Unlike other committee meetings, the review meeting is held over a meal, with a slightly more casual, friendly air and just a hint of celebration. Last year this had taken place at The Anchor in Aspley Guise, over a rather splendid meal prepared by Milton Keynes Food & Leisure Awards Chef of the Year, Shane Clarke. So, it was desirable to find an equally pleasant and very much local food venue for this meeting.
And so it was that the committee gathered at the newly rebranded Milton Keynes Cookery School in Brooklands. Having previously traded under the name of Inspired Gourmet, the cookery school now has a new team behind it, a new set of courses and a new direction to head in. And for this event the committee were to experience what it might be like to attend a corporate pasta making course.
I am a sucker for a cookery course and try to get myself on anything going. As such I have enjoyed pretty much every course going at The Coldsmoking Cookery School and also the bread making course run by Geoff's Real Artisan Bread. And I don't care if I already know something about what the course is about because I'm a firm believer that there is always plenty more to learn, especially from an expert in their field.
I have tried my hand at pasta making before and purchased a basic model pasta making machine from Lidl on a whim about a year ago. It is definitely a fun thing to do but not something you want to try to do in a hurry. So it isn't something I get out very often but it is certainly a great activity to do with my girls and fun to do to make something that you can't buy in the shops.
We were greeted at the cookery school by Bhav, who offered us drinks and invited us to nibble on the chicken liver pate and bruschetta. The pate, in particular, was delicious and I found it hard not to rudely eat more than my fair share of that!
Once we were all assembled, kitted out with aprons and aprised of the health and safety rules, we went round the corner of the L-shaped room to the cookery area. Here John was waiting, ready to explain what we would be doing and to get us started.
We started with making the pasta dough. Working in pairs, we created little balls of dough, using simple ingredients and plenty of elbow-grease!
Whilst that rested, we got on with preparing the two fillings - a butternut squash one and a ricotta and lemon one.
What I liked about John's approach was that he wasn't just teaching pasta making, but rather the useful elements of cooking that could be transferred into our everyday meal preparating whether or not we chose to attempt pasta making again in the future. It was details such as how to efficiently chop an onion, how to separate an egg, and what to think about when trying to work out if something is correctly seasoned.
Having created the fillings, it was now time to work as a team to turn the pasta dough into elegantly filled and shaped tortellini. This was interesting not only in terms of the creation of the food but also in the way that we organised ourselves and worked together. As people who run their own businesses but come together to organise an event, it was curious to see how the dynamics would work in a completely new setting. I could see how such an activity would be useful in a corporate setting to change the dynamics and possibly the hierarchy and to see people in a different light.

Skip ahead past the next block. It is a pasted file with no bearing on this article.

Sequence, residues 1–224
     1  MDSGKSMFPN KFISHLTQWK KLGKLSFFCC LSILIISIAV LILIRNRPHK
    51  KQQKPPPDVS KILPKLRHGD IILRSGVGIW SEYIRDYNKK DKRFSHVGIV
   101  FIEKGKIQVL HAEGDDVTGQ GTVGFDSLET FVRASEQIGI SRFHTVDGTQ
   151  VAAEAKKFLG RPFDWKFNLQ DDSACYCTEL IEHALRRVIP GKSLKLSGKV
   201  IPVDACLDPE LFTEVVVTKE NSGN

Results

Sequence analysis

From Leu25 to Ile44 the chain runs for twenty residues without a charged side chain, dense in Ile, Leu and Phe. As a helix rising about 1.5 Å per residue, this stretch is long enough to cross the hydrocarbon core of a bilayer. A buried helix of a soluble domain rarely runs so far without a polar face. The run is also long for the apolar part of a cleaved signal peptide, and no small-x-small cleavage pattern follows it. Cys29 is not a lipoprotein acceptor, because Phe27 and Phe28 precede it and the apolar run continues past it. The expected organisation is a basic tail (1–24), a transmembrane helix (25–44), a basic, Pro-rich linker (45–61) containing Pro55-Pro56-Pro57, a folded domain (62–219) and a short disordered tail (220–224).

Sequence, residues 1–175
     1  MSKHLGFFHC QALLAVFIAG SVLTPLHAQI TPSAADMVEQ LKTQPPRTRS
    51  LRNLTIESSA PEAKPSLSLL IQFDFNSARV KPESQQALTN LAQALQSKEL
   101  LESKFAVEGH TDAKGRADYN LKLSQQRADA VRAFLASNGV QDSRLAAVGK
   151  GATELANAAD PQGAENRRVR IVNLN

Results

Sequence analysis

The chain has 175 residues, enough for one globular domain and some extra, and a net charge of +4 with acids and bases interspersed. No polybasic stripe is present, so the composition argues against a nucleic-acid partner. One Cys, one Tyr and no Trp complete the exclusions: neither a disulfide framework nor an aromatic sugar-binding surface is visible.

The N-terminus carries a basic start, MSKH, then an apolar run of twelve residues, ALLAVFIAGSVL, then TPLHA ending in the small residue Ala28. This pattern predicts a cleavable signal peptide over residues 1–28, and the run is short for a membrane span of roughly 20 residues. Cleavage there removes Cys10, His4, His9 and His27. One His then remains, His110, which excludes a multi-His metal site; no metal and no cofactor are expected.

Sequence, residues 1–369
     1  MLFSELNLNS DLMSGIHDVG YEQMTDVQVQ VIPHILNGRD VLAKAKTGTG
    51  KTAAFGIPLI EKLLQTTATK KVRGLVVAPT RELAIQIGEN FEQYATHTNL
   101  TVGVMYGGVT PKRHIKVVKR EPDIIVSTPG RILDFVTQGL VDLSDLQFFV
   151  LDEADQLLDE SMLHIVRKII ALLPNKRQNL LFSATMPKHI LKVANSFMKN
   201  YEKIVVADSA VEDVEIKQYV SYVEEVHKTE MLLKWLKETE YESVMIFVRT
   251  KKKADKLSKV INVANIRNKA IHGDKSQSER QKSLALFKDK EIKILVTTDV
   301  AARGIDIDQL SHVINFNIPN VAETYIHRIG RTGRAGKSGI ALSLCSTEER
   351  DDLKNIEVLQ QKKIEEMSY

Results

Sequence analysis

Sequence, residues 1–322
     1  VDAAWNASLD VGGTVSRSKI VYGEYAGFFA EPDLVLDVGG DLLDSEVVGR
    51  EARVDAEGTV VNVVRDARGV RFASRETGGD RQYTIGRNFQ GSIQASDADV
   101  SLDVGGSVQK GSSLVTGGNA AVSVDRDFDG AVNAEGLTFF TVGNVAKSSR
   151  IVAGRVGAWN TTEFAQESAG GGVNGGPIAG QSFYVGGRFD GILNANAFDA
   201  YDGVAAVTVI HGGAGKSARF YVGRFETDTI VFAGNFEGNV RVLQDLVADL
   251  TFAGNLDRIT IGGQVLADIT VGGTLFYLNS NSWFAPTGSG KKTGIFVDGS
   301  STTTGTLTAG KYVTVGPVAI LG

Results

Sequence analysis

By this point we were all starving and we were very keen to get the pasta made so that we could sit down and eat so that helped us to focus and get the job done.
With trays of tortellini ready for cooking, our work was complete and we retired to the other part of the room to sit around the dining table. As we started our meeting, Bhav served us wine whilst John cooked our pasta.
Then it was time to tuck into our pasta, served with salad and sauces. And it did not disappoint - other than I could have eaten more!
To round off the meal, we were served raspberry panacotta which we'd had no part in creating and were total perfection.
The meeting drew to a close and it was time to thank our hosts and head off, a successful meeting all round.
I was, of course, eager to share my new found knowledge with my girls so, having asked Bhav for the butternut squash recipe, we set about remaking the tortellini a couple of weeks later with one of our fancy homegrown squashes.
I was glad I took the precaution of allowing a couple of hours for the task as it certainly took plenty of time! We struggled a little to gain the perfect dough consistently that John had managed so effortlessly but we got there in the end and the results were worth it.
The filling was particularly tasty and we had about half of it left after filling all our pasta. It turned out it made a lovely vegetarian pate and was also tasty spread on the toast before topping with cheese to liven up cheese on toast.
All in all I would definitely recommend the Milton Keynes Cookery School. Their set up is classy and professional and it is a great concept to have group events that are both a cookery class and a meal. Bhav is an excellent host and John is an excellent teacher and together they put on a fantastic evening.